A Christian Reads the Tao te Ching: Chapter 3 — The Upside-down Kingdom

A Christian Reads the Tao te Ching: Chapter 3 — The Upside-down Kingdom

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February 23, 2020

About six months ago, I discovered the Tao te Ching, an ancient book of Chinese wisdom and spirituality that has dramatically influenced my spiritual formation. This may come as shocking to some people, but rather than driving me away from a Christ-centered faith, this book has actually helped me hold onto it. If you’re feeling skeptical, feel free to check out the introduction post to the series.

Hands down, the best way to get this information is to listen to the podcast, which parallels these posts but goes into a lot more detail. It also includes personal stories, readings from the Tao te Ching itself, and quotes from other TTC readers about how the book has influenced them.

So please check out the podcast — and don't forget to subscribe and share. Our world is so over-saturated with content that it's incredibly difficult to get the message out when you are starting from scratch. Leaving a review on Apple podcasts and sharing the show is the best thing you can do to help support me. If you love the content, please consider becoming part of the community by supporting CRTTC on Patreon.

Read the previous articles in this series here: 

Series Introduction 

Chapter 1: What’s in a Name?

Chapter 2: Non-dualistic thinking and wu wei


Chapter three of the Tao te Ching is sort of an expansion of the previous chapter. Chapter two introduced us to non-dualistic thinking and wu wei, or actionless action (check out the previous post for more on that) in relation to individual lives. In this chapter, those two topics are broadened and applied to society as a whole. Basically, there are two main topics:

1. What do we value as a society?

2. What does an ideal leader look like?

Many authors have talked about how, when Jesus came to preach the Kingdom of God, it was an upside-down Kingdom. The last are first, and the first are last. The poor are blessed, and the rich are cast down. The outcasts are brought in, and the wealthy, privileged, spiritually elite insiders who kept those outcasts on the outside are put up on display as examples of what not to be like. We’re not to work and strive for more, we’re actually just told to take each day as it comes, to live simply, and to entrust all things to God. We’re not to build our own kingdoms, but to give it all up for the Kingdom of God.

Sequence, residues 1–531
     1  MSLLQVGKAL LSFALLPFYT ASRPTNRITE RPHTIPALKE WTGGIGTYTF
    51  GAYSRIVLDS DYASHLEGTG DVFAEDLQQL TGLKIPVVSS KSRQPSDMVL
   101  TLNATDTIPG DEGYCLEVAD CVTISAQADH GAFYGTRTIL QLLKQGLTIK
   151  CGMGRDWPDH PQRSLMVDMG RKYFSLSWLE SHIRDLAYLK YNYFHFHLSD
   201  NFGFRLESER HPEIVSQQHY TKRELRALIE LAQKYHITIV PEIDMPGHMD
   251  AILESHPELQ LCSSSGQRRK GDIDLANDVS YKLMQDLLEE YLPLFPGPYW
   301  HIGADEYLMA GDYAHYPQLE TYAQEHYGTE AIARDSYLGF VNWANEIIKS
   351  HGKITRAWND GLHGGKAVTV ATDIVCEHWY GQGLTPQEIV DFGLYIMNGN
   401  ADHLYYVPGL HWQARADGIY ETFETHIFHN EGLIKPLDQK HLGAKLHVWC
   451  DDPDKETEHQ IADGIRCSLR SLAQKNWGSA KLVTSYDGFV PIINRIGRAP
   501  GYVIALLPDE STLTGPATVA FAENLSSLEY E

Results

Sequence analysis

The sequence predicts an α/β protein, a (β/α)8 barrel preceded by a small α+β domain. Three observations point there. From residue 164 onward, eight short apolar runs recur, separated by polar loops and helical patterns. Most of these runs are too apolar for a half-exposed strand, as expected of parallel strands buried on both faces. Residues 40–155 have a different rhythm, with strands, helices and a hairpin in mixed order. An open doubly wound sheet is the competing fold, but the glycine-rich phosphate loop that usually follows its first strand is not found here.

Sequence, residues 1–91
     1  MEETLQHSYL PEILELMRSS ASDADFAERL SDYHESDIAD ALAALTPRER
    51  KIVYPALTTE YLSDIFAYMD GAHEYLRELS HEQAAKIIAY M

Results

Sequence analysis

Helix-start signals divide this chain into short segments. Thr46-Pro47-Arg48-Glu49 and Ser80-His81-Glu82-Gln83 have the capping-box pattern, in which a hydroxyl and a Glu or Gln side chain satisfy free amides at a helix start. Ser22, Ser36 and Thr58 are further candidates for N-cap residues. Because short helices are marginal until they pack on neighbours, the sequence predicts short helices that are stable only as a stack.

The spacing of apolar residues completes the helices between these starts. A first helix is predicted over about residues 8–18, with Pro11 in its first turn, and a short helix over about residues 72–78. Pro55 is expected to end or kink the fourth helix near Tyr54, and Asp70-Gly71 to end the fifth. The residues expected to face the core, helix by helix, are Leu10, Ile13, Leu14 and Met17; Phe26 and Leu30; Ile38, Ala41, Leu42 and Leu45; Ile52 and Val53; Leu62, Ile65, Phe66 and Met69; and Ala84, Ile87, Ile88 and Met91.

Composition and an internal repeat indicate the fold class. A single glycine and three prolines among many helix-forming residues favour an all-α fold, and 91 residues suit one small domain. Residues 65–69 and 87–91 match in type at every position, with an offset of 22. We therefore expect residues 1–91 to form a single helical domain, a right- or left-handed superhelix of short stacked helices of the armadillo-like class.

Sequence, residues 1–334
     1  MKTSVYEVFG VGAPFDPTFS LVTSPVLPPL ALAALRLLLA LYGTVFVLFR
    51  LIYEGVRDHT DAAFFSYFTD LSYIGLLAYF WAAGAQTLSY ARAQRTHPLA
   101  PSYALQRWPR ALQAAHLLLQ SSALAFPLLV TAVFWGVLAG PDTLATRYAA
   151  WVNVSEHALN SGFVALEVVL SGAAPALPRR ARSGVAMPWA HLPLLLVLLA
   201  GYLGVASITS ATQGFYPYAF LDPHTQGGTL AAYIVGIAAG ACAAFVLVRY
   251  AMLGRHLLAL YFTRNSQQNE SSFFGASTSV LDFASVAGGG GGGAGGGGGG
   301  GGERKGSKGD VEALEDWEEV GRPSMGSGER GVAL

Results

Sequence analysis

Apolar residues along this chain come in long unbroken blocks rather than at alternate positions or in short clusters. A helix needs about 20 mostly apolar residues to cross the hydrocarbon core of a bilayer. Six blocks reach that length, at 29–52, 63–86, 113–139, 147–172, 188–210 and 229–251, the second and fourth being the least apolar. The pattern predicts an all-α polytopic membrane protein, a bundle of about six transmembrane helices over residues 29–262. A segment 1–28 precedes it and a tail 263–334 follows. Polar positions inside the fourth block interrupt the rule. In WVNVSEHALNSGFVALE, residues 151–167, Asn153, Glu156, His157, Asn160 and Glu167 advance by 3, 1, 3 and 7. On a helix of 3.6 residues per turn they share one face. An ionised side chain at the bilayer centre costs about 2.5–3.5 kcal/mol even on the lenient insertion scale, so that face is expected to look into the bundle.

The Kingdom of God is upside down, and so is the value system of chapter three of the Tao te Ching. There are so many parallels between them, so let’s jump right in.

If you overesteem great men,

people become powerless.

If you overvalue possessions,

people begin to steal.

 

The Master leads

by emptying people’s minds

and filling their cores,

by weakening their ambition

and toughening their resolve.

He helps people lose everything

they know, everything they desire,

and creates confusion

in those who think that they know.

 

Practice not-doing,

and everything will fall into place.

—translator: Stephen Mitchell

Rethinking “success”

The first stanza of four lines speaks to the idea of what we value. If we overvalue possessions, privilege, or powerful people, then we create a system of envy — where jealousy rises up and people begin to view other people as competition, leading to envy, greed, theft, and violence. The TTC calls us to rethink what we value — and how much value we put on it.

If you overly esteem talented individuals,

people will become overly competitive.

—translator: J. H. MacDonald

It’s pretty obvious here. When we put so much value on the talented, the achievers, the powerful, the “successful,” then we create an environment of competition and antagonism. Ironically, the glorification of “success” doesn’t really make society better — it creates a toxic environment where everyone views themselves as competitors for a prize that only a few can achieve.

Just take a look at social media. How many people are trying to post the perfect selfie of themselves on the perfect vacation with their perfect friends and family, sipping the perfect latte, wearing the perfect outfit, with the perfect filter that highlights their glamor and hides their flaws? How much happiness do you think actually comes from this exhibitionism?

True, there is some real joy in sharing great experiences with people you know but can’t stay in regular contact with. As someone who has friends and family in two very different parts of the country and now lives overseas, I get that. But are all of our posts really about that, or are we just desperately trying to prove to others that we are “valuable” because we are “successful?”

Look at it from the other side: how often do you think people are made to feel inferior by looking at those posts? I can tell you, before I started thinking critically about this, there were plenty of times where I would look at these “perfect people’s” lives and feel like my life was kind of crappy because I definitely wasn’t thriving like them. But one day I realized: this isn’t really their life, it’s just the picture-perfect parts of their life that they put online.

All of this goes beyond feelings of inferiority. This distorted value system in our consumer-obsessed culture fuels huge amounts of greed and envy. We don’t just think less of ourselves when we see those pictures, we want what they have… well, at least what we think they have. And it starts to consume us, but we start realizing we can never compare to what they have because, again, we’re not seeing what they really have. We’re not seeing the ugly sides of their life in the same way we see our own. This is why Mitchell’s translation says that people become “powerless” when we put too much value on perfection and “success.”

But it goes even deeper. The spiral of inferiority, greed, and envy that comes from overvaluing perfection inevitably leads to becoming judgmental. For some strange reason, when we feel like they’re just too perfect and we could never be like them, we start judging them. Isn’t it strange how people seem to deeply resent people who they feel are too perfect? How we love to sit around and gossip about how much they annoy us on any number of levels? And even if we don’t say it out loud… well, I’m not sure about you, but in the past I’ve found myself being really "judge-y" towards people for no other reason than that they just seemed too good to be true.

Again, all of this ugliness is the only logical conclusion to a worldview based on competition and antagonism. What starts as an innocent desire to better ourselves by comparing ourselves to other, “successful” people inevitably kicks off a cycle of toxic thoughts and behaviors. The Tao te Ching says we need to take a step back and think about how we think, or evaluate how we evaluate people. If we ignore the ugly side of it because we want to think better of ourselves, then it’s only going to grow like a cancer.